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CSE 447: Natural Language Processing, Winter 2023

MWF 1:30-2:20pm, CSE2 G01

Instructor: Sofia Serrano

Office hours: Wednesdays 3-4pm in person in Allen Center 210

Teaching Assistant: Daksh Sinha

Office hours: Mondays 4:30-5:30pm in person in Gates 152

Teaching Assistant: Khirod Sahoo

Office hours: Tuesdays 3-4pm over Zoom

Teaching Assistant: Leo Zeyu Liu

Office hours: Fridays 4:30-5:30pm in person in Allen Center 220

Teaching Assistant: Leroy Wang

Office hours: Thursdays 11am-12pm over Zoom

Teaching Assistant: Urmika Kasi

Office hours: Mondays 12-1pm over Zoom

Teaching Assistant: Xinyan (Velocity) Yu

Office hours: Wednesdays 10-11am over Zoom


  • A3 is due Friday 3/10!
    • Don’t forget to also submit your *.preds files and your writeup pdf (and tag your A3)! If you’re not sure whether those have been uploaded correctly, check in a browser.
    • The number of late days you have available to use on A3 is min(3, 5 - total_late_days_used) 1 + min(3, 5 - total_late_days_used) (edited on Saturday 3/11 to reflect the previous evening’s announcement). If you’re unsure what this number is for you, please ask us!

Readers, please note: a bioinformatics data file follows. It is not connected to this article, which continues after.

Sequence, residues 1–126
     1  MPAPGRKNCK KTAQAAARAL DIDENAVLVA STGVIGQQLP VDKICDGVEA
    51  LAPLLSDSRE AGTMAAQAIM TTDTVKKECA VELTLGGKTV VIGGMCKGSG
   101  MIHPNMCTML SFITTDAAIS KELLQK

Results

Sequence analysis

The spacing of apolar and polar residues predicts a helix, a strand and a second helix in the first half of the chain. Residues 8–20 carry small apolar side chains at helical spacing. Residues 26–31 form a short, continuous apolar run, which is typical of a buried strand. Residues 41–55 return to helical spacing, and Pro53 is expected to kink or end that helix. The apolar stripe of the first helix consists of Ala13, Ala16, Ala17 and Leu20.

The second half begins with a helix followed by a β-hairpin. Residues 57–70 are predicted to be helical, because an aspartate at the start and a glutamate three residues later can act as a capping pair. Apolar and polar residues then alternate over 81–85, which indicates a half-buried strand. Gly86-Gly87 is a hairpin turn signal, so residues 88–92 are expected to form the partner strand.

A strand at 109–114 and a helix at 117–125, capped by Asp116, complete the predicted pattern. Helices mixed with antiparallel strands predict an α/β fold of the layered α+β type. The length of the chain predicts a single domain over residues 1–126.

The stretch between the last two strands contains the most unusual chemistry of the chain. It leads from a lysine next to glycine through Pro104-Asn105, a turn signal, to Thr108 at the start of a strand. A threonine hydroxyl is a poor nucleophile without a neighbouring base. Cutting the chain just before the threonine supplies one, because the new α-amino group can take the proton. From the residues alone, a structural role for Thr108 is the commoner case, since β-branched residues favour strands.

• We’ll be taking A3 regrade requests (as private posts on Ed) from whenever we get A3 grades out through the end of Friday 3/17 (so, probably for 2ish days)
  • Have anything you’d like to anonymously let the course staff know? You are of course welcome to email us, but feel free to use this anonymous feedback form instead if you’d prefer.


This course will explore foundational statistical techniques for the automatic analysis of natural (human) language text. Towards this end the course will introduce pragmatic formalisms for representing structure in natural language, and algorithms for annotating raw text with those structures. The dominant modeling paradigm is corpus-driven statistical learning, covering both supervised and unsupervised methods. Algorithms for NLP is a lab-based course. This means that instead of homeworks and exams, you will mainly be graded based on three hands-on coding projects.